Ali - I love your blog and website. I've been following you online for years. I started because I admired your scrapbook style, and that is still a draw, but your perspective on family, work, life keeps me coming back. I so enjoy your perspective, it's an important part of keeping myself on track with wanting to live a full (not busy) life. Thank you for sharing your family and your life!

    Reply 0 Replies
  2. Jenn Serrano says…

    Just curious... how long on average does it take Simon to do homework? Do you have to sit at the table with him and help the whole time? We have been struggling with homework this year. I have a totally blind 4th grade girl and a seeing 1st grade boy. The 4th grade teacher this year gives a ton of homework- about 1-2 hours worth each night. Mostly I have to assist her with the homework, sit next to her, help her understand what it is, the whole time. Thank goodness my first grader just has a spelling list to study. I just wonder how other mom's fit in helping with homework into their busy schedule, especially mom's with more than one child, or a special needs child?!
    Do you ever feel guilt about having someone come into your home to clean? I tried it for awhile, loved it, but felt guilt that I "couldn't do it all". I work full time, but my mom worked full time and also cleaned the house herself... Do you feel it is worth the added expense?

    Reply 1 Reply
    1. Ali says…

      Hi Jenn - I'm sorry I missed this earlier.

      Simon's homework seems to vary. He gets a homework bag on Mondays and everything is due on Thursday. Each day he does one or two sheets depending on what was included in the bag. Somedays it takes 1/2 hour and some days an hour - usually not more than that. He needs supervision so either the babysitter or I am there sitting with him while he's working on it. He progressively gets better at sitting down and getting it done :).

      As for your question about guilt, I can honestly say that I have zero guilt about someone coming in to clean my house. I am SO, SO happy to have that done by someone else as it frees me up to spend more time with my kids, Chris or get more work done. I absolutely think it's worth the expense. It helps keep me sane and assists in making other things work more smooth.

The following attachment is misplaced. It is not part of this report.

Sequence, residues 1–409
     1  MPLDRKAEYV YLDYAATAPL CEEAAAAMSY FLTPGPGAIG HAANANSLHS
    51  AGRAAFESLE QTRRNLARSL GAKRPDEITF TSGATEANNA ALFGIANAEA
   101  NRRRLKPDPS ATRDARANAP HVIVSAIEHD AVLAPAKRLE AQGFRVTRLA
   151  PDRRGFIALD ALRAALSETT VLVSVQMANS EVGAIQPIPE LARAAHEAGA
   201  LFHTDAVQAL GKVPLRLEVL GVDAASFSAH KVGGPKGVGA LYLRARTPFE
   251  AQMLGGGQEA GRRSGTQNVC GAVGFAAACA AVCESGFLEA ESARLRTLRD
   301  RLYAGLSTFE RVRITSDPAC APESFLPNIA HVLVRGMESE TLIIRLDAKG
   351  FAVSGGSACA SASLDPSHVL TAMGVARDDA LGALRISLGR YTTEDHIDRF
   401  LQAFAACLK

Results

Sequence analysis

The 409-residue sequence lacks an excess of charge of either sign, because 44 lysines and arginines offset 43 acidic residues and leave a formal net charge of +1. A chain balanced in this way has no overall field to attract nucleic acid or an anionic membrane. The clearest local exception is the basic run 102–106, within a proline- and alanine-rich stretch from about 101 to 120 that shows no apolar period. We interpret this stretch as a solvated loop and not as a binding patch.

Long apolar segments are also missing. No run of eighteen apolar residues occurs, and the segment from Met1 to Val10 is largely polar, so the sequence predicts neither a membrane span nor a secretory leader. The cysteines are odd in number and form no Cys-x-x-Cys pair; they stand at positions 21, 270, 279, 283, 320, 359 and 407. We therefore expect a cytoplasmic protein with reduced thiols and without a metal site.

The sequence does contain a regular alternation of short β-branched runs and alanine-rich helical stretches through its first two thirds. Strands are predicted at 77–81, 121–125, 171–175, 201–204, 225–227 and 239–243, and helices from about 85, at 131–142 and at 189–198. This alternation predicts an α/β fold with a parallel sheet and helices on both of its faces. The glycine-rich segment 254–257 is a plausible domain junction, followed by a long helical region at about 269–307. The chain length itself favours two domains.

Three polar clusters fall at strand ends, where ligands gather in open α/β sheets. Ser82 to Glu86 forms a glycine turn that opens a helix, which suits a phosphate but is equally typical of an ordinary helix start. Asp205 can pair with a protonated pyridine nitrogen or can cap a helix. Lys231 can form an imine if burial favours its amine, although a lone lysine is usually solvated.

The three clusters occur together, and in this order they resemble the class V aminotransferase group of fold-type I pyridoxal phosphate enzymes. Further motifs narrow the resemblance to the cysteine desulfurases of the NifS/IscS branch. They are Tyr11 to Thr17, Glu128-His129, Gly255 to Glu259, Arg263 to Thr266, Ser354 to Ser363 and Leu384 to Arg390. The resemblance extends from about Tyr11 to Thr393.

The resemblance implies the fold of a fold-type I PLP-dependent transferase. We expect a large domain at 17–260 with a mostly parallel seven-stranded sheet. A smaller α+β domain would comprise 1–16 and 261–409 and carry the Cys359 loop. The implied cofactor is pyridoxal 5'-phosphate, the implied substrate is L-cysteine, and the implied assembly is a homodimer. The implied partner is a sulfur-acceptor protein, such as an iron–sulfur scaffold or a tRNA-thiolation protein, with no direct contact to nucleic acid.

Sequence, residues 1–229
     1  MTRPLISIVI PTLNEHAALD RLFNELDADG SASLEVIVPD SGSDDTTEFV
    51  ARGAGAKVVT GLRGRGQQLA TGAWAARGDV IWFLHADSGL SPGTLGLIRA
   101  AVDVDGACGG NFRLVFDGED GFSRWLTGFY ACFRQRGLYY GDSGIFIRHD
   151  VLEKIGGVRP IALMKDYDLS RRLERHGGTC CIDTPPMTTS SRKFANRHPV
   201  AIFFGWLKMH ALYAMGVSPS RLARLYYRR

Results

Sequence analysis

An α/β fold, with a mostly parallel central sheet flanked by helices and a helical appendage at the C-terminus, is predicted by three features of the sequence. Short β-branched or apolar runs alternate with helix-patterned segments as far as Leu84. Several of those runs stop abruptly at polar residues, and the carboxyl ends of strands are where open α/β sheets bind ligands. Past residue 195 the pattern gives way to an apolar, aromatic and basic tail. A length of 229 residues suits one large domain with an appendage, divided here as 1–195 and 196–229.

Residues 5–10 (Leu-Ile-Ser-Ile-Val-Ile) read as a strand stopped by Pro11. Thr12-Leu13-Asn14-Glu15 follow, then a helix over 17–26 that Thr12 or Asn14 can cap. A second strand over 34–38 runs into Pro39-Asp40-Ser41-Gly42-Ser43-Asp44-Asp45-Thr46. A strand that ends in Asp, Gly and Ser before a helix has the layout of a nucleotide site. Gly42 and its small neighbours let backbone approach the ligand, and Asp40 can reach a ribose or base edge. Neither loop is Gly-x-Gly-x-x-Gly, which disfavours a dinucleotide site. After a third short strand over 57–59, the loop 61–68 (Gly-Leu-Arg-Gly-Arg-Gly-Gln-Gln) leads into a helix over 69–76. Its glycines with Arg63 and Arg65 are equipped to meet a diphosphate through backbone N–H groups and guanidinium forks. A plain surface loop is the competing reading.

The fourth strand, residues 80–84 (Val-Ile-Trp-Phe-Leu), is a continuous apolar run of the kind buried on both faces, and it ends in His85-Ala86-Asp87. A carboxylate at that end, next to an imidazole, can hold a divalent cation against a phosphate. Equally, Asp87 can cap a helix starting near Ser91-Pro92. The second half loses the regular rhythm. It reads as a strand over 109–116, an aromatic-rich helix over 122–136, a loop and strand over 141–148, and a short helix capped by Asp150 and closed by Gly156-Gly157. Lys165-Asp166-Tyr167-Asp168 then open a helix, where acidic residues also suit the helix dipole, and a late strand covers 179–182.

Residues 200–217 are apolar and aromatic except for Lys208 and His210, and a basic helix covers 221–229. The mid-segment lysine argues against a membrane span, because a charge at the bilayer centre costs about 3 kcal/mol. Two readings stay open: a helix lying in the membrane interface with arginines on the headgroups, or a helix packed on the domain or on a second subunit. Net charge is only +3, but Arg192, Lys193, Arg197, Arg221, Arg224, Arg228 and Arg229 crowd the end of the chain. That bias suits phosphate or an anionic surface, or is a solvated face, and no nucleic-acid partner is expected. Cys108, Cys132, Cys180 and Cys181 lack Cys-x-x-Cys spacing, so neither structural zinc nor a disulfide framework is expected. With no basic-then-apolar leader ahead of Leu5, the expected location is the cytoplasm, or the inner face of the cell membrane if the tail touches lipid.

I don't want to do it all. I want to do the things I care about most and make adjustments to be able to take the time to do them well.

  3. Emily M. says…

    Thought your blog readers might like this article on 20 questions you should ask yourself:

    Reply 0 Replies
  4. Emily M. says…

    It's actually called "20 Questions That Could Change Your Life."

    Reply 0 Replies
  5. Amy K says…

    What a wonderful "story" you have written for us and for you to keep for yourself as documentation of this point in your life. Thanks for sharing. There are several things that will help motivate me to move into a new phase in my life.

    Reply 0 Replies
  6. Oh! | The Project of Me says…

    [...] this lovely quote was included in Ali Edwards’ recent blog post and I LOVE it.  I just had to repost so I could remind myself of it when I needed a little [...]

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  7. tracey says…

    Wow, Ali, this was really great to read. I've been curious about how your days go! Thank you for detailing this for us.

    About the whole balance issue - it's like you put words to my thoughts! It had become a sort of holy grail, this balance-seeking. Just when I'd have it figured out, things would change again. So true that we can achieve balance in moments, if eveything, all the time!

    Reply 0 Replies
  8. amy s says…


    Thanks so much for posting this! I am a mom of a 1st grader and 2.5 year old and expecting #3 in February. I work from home about 15 hours per week and currently only have care for the kids, other than school, 4 of those hours. I am currently evaluating my situation knowing that I need more childcare help once I return to work after baby but I also struggle with wanting to still have time during the day with my SAHM friends who don't work.

    For someone like me it is encouraging to hear that you do have childcare help and cleaning help, as mentioned in the comment section. I'm glad it seems to help you as much as it helps me!


    Reply 0 Replies
  9. Katrina Kennedy says…

    "I want to live a full life. Busy does not equal full."

    That line completely resonates with me! Thank you.

    Reply 0 Replies
  10. Angie F says…

    LOVE this post! Thanks so much for sharing!! I think I just need the right perspective!! YES! I can do this! :)

    Reply 0 Replies
  11. Sara G. says…

    Thank you for sharing in such a real and honest way! This is a wonderful post that can be beneficial to so many. I often read blog posts quickly, but this one makes me stop and think. I love the quotes you share and plan to check out all of the links. You statements "I love being a working Mom. I love my family. I love my work." really resonated with me.

    Reply 0 Replies
  12. Beth Holmes says…

    Ali this is such a wonderful post -- I was inspired to write a blog post of my own about my one little word INTENTIONAL, but it turned out to be a Thank you Ali Edwards post. It's at:

    Reply 1 Reply